Yes, you read that right. Bush appointee Arthur Schwab, who also happens to be a wingnut "struck down" Obama's immigration order, without being asked for his opinion on it.
A federal judge in Pennsylvania ruled on Tuesday that President Barack Obama's administrative actions on immigration, which could grant deportation relief to up to 5 million people, go beyond "beyond prosecutorial discretion" and are therefore unconstitutional.
The ruling by U.S. District Court Judge Arthur Schwab, a George W. Bush appointee, was the first to address the constitutionality of Obama's executive actions. Schwab's decision, however, does not appear to carry any real-world consequences. The judge, who has a highly unusual history of being removed from cases due to temperament and charges of bias, was not asked to rule on the issue and instead inserted his opinion into a criminal case.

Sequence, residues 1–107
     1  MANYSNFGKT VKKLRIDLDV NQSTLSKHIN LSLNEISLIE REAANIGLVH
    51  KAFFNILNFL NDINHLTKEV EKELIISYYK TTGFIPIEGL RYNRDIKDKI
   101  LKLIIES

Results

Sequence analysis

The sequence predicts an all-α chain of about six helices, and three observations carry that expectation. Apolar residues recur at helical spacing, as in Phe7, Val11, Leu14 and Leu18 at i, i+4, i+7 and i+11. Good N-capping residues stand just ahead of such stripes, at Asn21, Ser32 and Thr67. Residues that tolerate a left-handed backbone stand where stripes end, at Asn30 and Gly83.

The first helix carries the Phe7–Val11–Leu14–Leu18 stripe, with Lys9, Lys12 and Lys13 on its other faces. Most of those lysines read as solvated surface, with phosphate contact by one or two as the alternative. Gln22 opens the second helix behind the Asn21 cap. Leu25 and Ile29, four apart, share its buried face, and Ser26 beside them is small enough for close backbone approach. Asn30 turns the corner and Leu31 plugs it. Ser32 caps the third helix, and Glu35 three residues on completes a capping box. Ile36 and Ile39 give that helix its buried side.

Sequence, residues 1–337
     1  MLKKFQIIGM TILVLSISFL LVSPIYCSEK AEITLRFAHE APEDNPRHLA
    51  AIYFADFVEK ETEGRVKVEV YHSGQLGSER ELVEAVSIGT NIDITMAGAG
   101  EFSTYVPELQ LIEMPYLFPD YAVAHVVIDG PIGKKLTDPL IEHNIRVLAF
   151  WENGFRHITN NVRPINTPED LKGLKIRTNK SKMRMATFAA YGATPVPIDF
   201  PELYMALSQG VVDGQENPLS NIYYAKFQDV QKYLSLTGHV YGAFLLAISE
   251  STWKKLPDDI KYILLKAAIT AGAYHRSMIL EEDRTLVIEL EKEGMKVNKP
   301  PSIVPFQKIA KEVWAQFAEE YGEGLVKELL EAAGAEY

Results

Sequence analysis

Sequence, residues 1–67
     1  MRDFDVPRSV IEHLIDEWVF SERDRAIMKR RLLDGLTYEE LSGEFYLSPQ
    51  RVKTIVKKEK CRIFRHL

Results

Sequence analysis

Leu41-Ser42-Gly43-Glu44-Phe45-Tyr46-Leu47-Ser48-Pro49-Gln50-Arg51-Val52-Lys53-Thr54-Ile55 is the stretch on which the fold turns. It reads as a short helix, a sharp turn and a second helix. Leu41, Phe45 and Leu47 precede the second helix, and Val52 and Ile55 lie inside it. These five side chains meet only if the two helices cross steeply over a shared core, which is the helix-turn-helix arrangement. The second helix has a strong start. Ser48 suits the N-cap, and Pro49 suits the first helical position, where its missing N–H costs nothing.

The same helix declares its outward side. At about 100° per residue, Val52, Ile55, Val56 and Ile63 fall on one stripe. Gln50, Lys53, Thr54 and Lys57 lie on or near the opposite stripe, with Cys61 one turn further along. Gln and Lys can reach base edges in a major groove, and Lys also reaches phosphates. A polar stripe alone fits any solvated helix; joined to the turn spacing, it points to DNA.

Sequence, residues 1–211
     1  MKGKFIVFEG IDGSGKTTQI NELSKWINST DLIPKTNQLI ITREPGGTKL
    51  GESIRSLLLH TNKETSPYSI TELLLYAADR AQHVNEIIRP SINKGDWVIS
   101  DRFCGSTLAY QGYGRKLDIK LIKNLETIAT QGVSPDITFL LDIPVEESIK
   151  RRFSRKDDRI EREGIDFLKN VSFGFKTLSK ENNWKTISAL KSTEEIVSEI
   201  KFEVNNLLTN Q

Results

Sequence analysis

Schwab was removed from a case in 2008 to bring about what a higher court called "a reduced level of rancor," a rare if not unprecedented move that a law professor told the Pittsburgh Tribune-Review at the time was "considered to be a disciplinary action." He was pulled from a case again in 2012. Schwab recused himself from 17 ongoing cases in 2011 because of bias allegations. He was the first federal judge to advance the scope of religious protections created by the conservative Supreme Court justices in the recent Hobby Lobby decision.
So how did he manage to sneak that into his decision? Washington Post:
The procedural background of the case is somewhat unusual. The case involves an individual who was deported and then reentered the country unlawfully. In considering how to sentence the defendant, the court sought supplemental briefing on the applicability of the new policies to the defendant, and whether these policies would provide the defendant with additional avenues for seeking the deferral of his deportation. In this case, however, it’s not entirely clear it was necessary to reach the constitutional question to resolve the issues before the court with regard to the defendant’s sentence.
Isn't there a code of judicial ethics that bars judges from overstepping the boundaries of their case?
By the way, those immigration executive orders don't apply to criminals.